Amid social distancing and coronavirus scares, senior Lydia Narum received uplifting news on March 30. An email from the Slovak Republic indicated that she was one of the few students across the country to receive a Fulbright Fellowship.
Narum is a senior at Salisbury University who majors in biology with a double minor in English and athletic coaching.
The fellowship consists of a ten-month grant where Narum will be an English teacher assistant at a secondary sports school in Kožušnícka Trenčín, Slovakia.
The senior had no idea what a Fulbright Fellowship was until she spoke with her friend Lauren DeLong, who currently has a Fulbright Fellowship in Germany.
DeLong told Narum that she would be a perfect candidate for the fellowship and got her in touch with Kristen Walton, who is the director of the Nationally Competitive Fellowships Office at SU.
Narum searched through all the programs that Fulbright had to offer, and when she came across the Slovak Republic, she was drawn to apply.
As a biology major, Narum felt like she was a good fit for Slovakia because that program was looking specifically for STEM students.
Once looking into the Slovak Republic more, she felt very connected to the beauty of the country, admiring the mountain ranges and castles.
“I fell in love with the country,” Narum said.
Then she began her application in the late spring of her junior year. Typically, students start applications much earlier, but Narum worked hard over the summer to complete it.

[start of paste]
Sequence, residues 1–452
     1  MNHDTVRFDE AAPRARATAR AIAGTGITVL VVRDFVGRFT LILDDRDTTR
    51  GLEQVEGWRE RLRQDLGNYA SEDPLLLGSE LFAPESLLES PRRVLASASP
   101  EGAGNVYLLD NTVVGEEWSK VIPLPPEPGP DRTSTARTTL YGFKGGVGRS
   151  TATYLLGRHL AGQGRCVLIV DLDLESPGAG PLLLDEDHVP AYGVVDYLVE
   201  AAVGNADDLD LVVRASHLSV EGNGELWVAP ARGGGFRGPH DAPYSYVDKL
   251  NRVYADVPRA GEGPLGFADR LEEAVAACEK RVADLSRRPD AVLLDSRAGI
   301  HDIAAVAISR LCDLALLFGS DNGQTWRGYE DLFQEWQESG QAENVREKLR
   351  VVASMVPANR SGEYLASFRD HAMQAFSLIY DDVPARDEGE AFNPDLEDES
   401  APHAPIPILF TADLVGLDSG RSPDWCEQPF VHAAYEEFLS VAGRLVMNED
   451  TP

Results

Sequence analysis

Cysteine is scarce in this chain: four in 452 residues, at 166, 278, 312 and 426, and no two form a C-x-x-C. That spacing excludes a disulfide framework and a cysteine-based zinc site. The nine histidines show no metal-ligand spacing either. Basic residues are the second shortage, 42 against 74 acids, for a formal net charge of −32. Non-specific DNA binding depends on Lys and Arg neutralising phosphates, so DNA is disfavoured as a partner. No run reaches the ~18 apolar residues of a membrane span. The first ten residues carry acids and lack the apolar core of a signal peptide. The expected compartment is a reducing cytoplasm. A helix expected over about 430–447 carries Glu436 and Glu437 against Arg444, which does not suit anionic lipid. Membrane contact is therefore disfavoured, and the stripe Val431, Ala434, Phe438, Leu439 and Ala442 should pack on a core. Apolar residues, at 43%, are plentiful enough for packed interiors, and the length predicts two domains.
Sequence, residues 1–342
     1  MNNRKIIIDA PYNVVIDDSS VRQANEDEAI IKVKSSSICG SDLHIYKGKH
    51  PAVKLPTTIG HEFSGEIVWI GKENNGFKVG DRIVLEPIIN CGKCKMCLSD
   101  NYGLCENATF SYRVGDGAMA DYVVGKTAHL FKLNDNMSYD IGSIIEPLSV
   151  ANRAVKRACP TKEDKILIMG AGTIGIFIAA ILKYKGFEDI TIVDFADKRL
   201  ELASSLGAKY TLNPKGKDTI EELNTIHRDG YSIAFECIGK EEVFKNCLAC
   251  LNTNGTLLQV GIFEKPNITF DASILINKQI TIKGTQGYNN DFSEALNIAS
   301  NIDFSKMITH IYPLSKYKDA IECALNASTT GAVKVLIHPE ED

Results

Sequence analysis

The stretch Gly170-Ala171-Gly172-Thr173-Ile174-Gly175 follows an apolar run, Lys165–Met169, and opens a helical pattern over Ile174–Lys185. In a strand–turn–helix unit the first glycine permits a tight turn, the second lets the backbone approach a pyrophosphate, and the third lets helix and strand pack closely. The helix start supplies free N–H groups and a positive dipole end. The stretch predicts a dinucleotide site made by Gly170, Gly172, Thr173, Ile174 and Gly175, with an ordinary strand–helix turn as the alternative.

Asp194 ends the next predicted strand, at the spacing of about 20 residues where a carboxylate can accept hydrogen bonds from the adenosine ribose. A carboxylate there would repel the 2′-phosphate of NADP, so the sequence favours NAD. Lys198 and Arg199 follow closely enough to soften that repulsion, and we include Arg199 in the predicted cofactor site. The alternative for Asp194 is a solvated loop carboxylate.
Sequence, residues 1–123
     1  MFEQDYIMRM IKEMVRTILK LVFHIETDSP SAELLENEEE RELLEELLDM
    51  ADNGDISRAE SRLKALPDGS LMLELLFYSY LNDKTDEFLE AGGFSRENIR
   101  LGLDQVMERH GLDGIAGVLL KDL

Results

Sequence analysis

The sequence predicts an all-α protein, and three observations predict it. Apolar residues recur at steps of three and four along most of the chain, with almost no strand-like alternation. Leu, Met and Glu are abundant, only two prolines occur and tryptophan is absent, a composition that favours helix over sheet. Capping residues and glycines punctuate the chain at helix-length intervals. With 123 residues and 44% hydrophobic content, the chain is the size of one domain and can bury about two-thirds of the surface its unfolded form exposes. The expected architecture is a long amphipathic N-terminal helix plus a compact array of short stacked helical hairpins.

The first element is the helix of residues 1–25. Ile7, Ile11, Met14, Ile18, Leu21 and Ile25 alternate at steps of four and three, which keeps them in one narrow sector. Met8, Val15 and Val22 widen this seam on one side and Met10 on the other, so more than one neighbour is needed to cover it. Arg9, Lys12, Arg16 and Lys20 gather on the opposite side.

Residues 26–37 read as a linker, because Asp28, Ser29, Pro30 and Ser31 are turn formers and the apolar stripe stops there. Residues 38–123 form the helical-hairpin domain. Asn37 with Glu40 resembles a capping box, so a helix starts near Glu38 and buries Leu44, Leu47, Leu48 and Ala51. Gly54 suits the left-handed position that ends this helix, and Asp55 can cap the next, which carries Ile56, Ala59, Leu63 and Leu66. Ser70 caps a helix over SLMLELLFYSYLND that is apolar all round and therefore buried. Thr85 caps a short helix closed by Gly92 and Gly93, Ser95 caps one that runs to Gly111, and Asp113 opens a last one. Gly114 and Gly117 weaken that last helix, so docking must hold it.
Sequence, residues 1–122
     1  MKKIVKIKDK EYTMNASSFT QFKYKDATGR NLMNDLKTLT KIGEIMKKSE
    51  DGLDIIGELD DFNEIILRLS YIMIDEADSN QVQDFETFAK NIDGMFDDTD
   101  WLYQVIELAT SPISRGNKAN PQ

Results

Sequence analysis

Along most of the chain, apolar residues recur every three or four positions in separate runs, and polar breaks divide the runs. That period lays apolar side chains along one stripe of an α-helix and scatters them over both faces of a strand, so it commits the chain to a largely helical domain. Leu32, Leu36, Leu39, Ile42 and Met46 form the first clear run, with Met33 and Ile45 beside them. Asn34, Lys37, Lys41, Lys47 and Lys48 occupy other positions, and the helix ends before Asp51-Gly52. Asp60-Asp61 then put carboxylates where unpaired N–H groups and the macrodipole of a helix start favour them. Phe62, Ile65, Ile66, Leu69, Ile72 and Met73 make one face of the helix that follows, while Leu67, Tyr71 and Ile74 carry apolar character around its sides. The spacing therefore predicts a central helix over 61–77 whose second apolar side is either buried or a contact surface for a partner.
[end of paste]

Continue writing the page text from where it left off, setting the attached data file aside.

All the hours were worth it when on Jan. 22, she received a notification that she had been named a semi-finalist for her fellowship.
“I started crying. I couldn’t believe I got semifinalist,” Narum said.
A fateful two months passed, and Narum found out that she had received the prestigious Fulbright Fellowship.
This opportunity is one that will greatly impact Narum’s life. She is confident that teaching English will help prepare her for her future career.
She hopes to one day be a genetics counselor.
“I understand the biology part,” the senior said. “It’s like a first language to me.”
Having to teach someone a new language is very much like having to translate biology terms into a language that the general population can comprehend.
The fellowship will be a beneficial experience in more than just preparing Narum for the future. It will also fulfill her lifelong goal to travel and learn about other cultures.
Narum recognizes that being exposed to new cultures and pushing personal comfort boundaries is a great way to grow as an individual.
She plans to do both this fall.
Narum is incredibly grateful for the opportunity that she has and recommends that all students should look into applying for a Fulbright.
The Fulbright Fellowship was of interest to her because the application process is not GPA-heavy or grade-reliant.
As a student with dyslexia, Narum found that the Fulbright took more into account than just her test scores or GPA.
“They look at you as a whole person. I have dyslexia, so I don’t always shine on a report card,” Narum said. “My application showed that I’m more than a GPA.”
By ANNIE GEITNER
Image from Fulbright Slovak Republic Facebook.